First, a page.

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Prediction of the Dynamic Behaviour of Electromagnetic Relays Submitted to Mechanical Shocks

[+] Author Affiliations
D. Wattiaux, C. Conti, O. Verlinden

Faculté Polytechnique de Mons, Mons, Belgium

Paper No. ESDA2006-95652, pp. 607-615; 9 pages
doi:10.1115/ESDA2006-95652
From:
  • ASME 8th Biennial Conference on Engineering Systems Design and Analysis
  • Volume 1: Advanced Energy Systems, Advanced Materials, Aerospace, Automation and Robotics, Noise Control and Acoustics, and Systems Engineering
  • Torino, Italy, July 4–7, 2006
  • ISBN: 0-7918-4248-7 | eISBN: 0-7918-3779-3
  • Copyright © 2006 by ASME

abstract

During space flights, pyrotechnic devices are widely used to separate structural subsystems, to unfold solar panels or to activate propellant valves. The firing of these pyrotechnic devices generates severe shock waves (so-called pyroshocks) with high intensity and wide frequency range, which can damage the surrounding electronic equipment. Common observed damages more especially concern relay chatter and transfer, as well as failure of magnetic components. There is a lack of failure criteria for electronic equipment as well as computational techniques able to predict the dynamic behaviour of complex structures subjected to high frequency shock waves. The pyrotechnic shock behaviour is checked experimentally: test specifications imposed through embarked electronic devices are generally defined as a maximum limit imposed to the Shock Response Spectrum (SRS). This paper describes a methodology to check the electrical and mechanical behaviours of some electromagnetic relays submitted to severe mechanical shocks. Experimental results obtained when checking the perturbations induced by shocks on the electrical behaviour of some relays, such as the latching GP250 relay are also presented. Microswitches levels have been correlated with the magnitude and shape of different Shock Response Spectra. This paper presents also a simplified model of electromagnetic relays allowing to predict the electrical dysfunctions such as the micro-openings. The model has been updated using experimental frequency and modal analysis.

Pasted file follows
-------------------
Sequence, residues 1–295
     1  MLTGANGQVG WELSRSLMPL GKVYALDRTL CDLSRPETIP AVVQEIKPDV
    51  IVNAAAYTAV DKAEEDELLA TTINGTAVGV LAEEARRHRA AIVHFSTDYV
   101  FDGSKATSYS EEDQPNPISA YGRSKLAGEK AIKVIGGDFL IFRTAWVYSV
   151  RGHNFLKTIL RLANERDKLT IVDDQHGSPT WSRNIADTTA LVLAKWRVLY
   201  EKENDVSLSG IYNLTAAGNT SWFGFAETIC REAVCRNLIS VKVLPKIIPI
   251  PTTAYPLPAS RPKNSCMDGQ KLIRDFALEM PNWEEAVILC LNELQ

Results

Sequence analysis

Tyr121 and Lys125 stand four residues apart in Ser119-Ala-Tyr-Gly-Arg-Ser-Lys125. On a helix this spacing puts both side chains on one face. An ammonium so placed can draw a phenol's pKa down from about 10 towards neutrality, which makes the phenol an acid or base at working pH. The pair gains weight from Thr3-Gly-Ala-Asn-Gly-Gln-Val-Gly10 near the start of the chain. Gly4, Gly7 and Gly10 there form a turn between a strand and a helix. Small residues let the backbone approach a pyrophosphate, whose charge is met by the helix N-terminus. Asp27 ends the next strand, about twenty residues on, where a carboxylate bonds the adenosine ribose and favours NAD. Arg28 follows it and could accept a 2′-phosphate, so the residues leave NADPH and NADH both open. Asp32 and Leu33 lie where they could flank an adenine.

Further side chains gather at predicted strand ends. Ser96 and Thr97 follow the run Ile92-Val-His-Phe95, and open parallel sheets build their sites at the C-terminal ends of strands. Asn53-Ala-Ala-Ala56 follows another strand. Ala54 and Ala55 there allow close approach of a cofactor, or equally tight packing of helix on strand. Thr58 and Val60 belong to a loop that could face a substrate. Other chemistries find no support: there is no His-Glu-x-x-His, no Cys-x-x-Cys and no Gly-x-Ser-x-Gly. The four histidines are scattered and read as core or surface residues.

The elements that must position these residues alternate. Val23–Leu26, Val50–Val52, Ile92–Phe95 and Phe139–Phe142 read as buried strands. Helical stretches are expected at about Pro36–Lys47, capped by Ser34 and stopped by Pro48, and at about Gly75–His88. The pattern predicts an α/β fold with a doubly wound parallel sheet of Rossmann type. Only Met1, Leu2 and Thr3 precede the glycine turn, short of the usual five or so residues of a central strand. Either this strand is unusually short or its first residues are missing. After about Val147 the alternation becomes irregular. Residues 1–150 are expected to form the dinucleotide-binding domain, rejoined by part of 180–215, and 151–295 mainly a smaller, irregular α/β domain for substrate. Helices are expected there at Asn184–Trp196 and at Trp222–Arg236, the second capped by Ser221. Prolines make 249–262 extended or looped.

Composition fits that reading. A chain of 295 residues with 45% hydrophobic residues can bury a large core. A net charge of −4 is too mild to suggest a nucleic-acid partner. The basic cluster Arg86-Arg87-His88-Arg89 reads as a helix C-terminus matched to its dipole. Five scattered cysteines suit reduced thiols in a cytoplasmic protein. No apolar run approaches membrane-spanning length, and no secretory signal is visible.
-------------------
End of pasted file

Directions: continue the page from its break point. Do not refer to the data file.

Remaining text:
Copyright © 2006 by ASME

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